You’re an hourly worker, and you are paid for any time you spend on your work. As such, it started to surprise you when you’d get calls from colleagues asking questions about work or from clients asking to go through a consultation at home.
Technically, you’re not on the clock when you’re at home, and it is difficult to track your hours there. You’ve never been asked to turn in hours spent working at home, even though it’s becoming more common for people to contact you after leaving the office.
What should you do?
It’s not legal to avoid paying people who work at home
Any time you work at home, it is important that you’re paid for what you do. If you are not supposed to be called at home, you should tell the caller that you’ll return their phone call during your normal business hours. You may also set up a voicemail to say the same and send unknown callers to it.
It may be worth sitting down with your employer to talk about the uptick in calls when you’re not at work. While a rare call to ask you to cover a shift might not be a big deal, it is a problem if you start having people calling you for hours on end after your shift has concluded. Other changes may need to be made during the workday to be sure that you get asked questions while you’re there instead of at home.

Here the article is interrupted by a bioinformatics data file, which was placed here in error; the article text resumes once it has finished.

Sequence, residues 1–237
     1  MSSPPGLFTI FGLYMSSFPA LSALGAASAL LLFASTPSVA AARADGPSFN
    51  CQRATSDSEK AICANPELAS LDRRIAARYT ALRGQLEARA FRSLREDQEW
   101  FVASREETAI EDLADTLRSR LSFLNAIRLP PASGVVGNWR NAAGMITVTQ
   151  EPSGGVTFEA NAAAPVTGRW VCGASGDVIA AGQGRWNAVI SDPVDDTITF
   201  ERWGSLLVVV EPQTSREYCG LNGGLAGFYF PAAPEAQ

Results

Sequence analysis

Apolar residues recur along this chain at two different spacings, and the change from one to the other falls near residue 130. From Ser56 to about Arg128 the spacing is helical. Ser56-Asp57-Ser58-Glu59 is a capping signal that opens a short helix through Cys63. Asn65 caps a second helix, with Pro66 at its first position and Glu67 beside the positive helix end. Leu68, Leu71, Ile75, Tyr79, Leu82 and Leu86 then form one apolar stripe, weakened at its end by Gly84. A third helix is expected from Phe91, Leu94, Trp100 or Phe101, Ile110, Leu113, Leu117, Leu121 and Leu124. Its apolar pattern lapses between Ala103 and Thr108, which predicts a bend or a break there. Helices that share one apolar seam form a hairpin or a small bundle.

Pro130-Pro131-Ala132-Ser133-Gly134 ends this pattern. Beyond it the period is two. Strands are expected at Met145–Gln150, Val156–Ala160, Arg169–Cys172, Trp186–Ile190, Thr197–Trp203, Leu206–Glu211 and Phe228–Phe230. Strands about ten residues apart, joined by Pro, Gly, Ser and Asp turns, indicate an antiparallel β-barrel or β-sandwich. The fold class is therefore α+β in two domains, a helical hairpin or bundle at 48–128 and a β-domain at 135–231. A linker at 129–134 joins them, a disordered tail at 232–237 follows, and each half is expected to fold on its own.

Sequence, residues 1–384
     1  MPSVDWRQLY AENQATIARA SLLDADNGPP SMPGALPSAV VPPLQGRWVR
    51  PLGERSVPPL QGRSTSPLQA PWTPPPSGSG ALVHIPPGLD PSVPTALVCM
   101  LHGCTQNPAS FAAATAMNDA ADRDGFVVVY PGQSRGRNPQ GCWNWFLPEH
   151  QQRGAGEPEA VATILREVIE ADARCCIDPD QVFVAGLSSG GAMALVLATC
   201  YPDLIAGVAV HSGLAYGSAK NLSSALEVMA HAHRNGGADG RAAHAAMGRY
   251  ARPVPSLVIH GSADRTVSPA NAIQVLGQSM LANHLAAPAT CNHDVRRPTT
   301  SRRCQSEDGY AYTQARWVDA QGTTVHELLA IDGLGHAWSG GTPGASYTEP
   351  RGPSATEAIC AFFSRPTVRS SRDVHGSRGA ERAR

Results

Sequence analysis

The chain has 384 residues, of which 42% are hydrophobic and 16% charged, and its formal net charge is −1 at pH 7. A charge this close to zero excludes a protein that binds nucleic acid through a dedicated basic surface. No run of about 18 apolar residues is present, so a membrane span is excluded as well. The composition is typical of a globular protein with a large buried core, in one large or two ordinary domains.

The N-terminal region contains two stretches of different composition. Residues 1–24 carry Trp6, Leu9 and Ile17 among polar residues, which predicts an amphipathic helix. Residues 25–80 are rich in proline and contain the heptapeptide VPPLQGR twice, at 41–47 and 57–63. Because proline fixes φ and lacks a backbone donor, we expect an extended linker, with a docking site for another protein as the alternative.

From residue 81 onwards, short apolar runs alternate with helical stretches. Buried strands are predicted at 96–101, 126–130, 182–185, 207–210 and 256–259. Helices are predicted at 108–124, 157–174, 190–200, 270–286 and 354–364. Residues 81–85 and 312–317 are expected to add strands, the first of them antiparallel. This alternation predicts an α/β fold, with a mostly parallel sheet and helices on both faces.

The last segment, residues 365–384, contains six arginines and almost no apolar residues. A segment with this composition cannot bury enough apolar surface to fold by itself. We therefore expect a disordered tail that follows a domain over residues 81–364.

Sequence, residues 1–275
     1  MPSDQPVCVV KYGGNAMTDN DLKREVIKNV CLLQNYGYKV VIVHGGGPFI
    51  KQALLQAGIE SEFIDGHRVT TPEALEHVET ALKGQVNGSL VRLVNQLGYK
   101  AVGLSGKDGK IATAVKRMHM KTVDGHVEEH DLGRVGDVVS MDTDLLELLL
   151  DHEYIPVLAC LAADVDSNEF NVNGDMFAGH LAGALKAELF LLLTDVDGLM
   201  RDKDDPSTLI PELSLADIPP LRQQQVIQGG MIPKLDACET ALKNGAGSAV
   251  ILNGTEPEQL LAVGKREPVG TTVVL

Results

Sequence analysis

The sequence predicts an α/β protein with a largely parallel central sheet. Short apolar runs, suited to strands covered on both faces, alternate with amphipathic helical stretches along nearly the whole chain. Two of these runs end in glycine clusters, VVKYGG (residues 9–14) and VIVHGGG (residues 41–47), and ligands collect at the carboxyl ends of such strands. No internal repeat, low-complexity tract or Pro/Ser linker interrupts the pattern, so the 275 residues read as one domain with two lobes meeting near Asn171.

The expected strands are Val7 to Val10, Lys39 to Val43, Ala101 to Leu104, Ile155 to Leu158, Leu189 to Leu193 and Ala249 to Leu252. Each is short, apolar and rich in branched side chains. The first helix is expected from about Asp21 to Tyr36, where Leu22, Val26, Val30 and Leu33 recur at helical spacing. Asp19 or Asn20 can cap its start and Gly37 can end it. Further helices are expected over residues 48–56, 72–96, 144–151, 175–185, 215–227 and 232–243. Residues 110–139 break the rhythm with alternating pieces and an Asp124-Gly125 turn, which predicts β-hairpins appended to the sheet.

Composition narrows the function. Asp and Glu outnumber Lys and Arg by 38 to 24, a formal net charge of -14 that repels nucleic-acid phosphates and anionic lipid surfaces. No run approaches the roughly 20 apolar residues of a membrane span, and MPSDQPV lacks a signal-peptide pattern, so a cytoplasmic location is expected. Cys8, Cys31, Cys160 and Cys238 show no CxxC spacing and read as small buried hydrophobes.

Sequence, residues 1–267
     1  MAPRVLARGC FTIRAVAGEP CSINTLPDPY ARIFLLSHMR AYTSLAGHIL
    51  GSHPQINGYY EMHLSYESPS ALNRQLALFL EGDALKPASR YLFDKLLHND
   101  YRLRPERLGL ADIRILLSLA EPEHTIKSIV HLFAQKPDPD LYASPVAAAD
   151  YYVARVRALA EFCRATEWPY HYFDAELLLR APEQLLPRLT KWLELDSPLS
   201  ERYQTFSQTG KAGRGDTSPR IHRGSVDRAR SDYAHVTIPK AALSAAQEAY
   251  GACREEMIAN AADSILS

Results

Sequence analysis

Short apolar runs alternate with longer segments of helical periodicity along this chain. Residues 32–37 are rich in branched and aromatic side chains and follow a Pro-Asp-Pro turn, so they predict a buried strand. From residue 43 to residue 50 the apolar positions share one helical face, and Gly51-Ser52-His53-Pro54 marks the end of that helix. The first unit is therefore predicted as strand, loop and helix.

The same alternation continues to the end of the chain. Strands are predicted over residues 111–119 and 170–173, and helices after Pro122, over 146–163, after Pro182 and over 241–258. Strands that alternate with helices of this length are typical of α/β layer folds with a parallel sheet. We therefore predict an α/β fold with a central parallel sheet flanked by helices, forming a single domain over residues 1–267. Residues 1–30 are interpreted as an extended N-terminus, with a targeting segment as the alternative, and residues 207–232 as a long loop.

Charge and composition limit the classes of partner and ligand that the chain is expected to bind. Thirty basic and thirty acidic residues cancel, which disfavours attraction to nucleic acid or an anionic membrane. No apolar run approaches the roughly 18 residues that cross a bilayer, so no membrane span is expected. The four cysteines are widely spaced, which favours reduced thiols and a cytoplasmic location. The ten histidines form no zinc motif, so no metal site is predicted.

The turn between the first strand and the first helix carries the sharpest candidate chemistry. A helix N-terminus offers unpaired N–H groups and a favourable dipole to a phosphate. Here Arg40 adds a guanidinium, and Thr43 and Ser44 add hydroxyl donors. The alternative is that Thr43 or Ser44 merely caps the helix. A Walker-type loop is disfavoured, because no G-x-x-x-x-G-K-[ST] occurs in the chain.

Alternatively, your employer may not realize how much you’re being contacted at home and be willing to pay you for the extra time that you’re working. In that case, you should keep track of the phone calls you receive and any work you do at home and submit those hours to your employer daily or weekly.
If your employer doesn’t want to pay you for the time you’re spending working at home, then you need to take action. You may be able to pursue a claim against them for unfair wage practices and seek compensation for the time you’ve spent on your job at home.